Variable- 1.1
Holding (Tempo) 92L
Taxi- 15L
Fuel on board at start up- 475L

Se= 334.5÷92=218 minutes

PNR= (218×140kts)÷290
=105 minutes

Distance= speed × time
138×105
= 241.5 NM


Track is 310*M
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Carello replied the topic: PNR Distance

Correction to my previous working - I neglected to account for the Fixed Fuel reserve


Usable Fuel @ Start Up = 475 L
Start & Taxi = 15 L
60 Holding @ Return Airport = 92 L
FR 30 min @ 92 L/hr = 46 L

110% Flight Fuel = 475 - 15 - 92 - 46 = 322 L
100% Flight Fuel = 292.7 L round down to 292 L

Fuel Flow = 92 L/hr
Endurance = Flight Fuel/Fuel Flow = 292/92 = 3.17 hrs

TPNR = (Endurance x G/Shome)/ (2 x TAS) = (3.17 x 140)/(2x145) = 1.53 hrs

DPNR = TPNR x G/Sout = 1.53 x 138 = 211 nm

Given that the question did not provide a track, I've used your G/S home and G/S out
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jukzizy replied the topic: PNR Distance

Thank you very much for you help..appreciated..
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  • John.Heddles
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John.Heddles replied the topic: PNR Distance

In the same vein as a comment offered for another thread, one really needs to be careful when using the (2 x TAS) approximation for (G/S out + GS home) if you have much drift. Generally, we consider the case where wind speed is a high fraction of the TAS to be the situation which raises concern and for which the person running the sums needs to be on his/her toes. My philosophy is not to set yourself up to fail but, rather, always use the groundspeed values - a bit like the approximation for ETAS on the Jepp for small drift angles where cos(drift) gets closer to 1.0. Why bother straining your brain with extra stuff to remember and figure on the fly ?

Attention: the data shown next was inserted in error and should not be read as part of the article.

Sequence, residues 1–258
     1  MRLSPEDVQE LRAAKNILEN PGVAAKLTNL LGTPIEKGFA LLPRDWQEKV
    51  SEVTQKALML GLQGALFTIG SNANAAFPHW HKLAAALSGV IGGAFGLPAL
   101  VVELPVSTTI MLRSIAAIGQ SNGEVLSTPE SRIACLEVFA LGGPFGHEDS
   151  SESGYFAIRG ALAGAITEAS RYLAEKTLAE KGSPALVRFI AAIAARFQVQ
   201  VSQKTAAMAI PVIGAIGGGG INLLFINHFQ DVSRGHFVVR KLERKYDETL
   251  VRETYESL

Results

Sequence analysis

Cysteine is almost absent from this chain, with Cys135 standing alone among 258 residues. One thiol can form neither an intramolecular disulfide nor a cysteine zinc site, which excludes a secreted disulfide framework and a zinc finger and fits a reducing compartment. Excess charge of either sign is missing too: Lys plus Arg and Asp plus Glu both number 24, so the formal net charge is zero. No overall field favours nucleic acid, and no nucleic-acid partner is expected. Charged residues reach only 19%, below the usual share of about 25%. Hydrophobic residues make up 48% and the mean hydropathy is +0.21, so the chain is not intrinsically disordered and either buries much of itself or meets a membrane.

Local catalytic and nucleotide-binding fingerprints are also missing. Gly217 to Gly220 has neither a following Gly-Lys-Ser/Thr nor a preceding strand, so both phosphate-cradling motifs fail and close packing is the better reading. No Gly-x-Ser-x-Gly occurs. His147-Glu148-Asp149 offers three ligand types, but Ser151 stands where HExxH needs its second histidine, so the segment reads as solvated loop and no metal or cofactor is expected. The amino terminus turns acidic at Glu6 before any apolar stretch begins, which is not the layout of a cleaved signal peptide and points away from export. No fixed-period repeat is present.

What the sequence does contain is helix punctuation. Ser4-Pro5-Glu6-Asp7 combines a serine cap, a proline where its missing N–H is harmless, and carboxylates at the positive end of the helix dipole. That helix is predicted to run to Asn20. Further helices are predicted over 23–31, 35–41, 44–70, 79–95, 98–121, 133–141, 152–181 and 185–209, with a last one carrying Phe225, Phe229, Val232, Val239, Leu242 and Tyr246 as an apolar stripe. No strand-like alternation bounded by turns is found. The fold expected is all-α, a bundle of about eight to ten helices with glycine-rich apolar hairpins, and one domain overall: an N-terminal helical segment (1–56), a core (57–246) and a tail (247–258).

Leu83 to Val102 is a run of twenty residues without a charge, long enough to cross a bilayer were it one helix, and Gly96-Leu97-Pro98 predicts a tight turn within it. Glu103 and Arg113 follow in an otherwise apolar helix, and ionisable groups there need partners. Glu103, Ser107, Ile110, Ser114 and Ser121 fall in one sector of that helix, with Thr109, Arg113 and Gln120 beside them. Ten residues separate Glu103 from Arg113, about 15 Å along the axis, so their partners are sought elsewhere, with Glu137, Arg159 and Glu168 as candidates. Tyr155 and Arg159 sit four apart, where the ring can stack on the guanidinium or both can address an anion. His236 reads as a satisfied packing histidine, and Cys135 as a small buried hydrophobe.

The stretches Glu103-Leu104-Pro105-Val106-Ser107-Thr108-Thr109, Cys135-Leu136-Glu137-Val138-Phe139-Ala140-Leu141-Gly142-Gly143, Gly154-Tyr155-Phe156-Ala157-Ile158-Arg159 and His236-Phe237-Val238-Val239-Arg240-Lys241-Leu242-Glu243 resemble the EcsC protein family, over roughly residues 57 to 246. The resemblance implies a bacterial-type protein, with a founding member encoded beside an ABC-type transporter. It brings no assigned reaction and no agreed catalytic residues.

It is illustrative to rework the calculations for this example (where drift is significant - up around 16 degrees) using the calculated groundspeed values just to see the sort of errors which can creep in using the approximation. Sure, the approximation is fine if the drift angle is small but this is not always the case.

I work in minutes because our instructor always use minutes that's why I'm confuse

That's not really a problem. You pick whichever you prefer of hours or minutes and run with that unit. Really no difference which you might prefer - it is only a matter of choice. Keep in mind that, if you run the calculations on your whizz wheel, rather than that dreadful electronic calculator gadget, it is much easier as you have all these calculations set up as easy proportions - one of the reasons I prefer to run my calculations on the slide rule. (Then again, I was weaned onto slide rules at a very young age when we didn't have PCs and electronic calculators were big, bulky things which cost a mint so it's pretty easy for me to say that ..)

Engineering specialist in aircraft performance and weight control.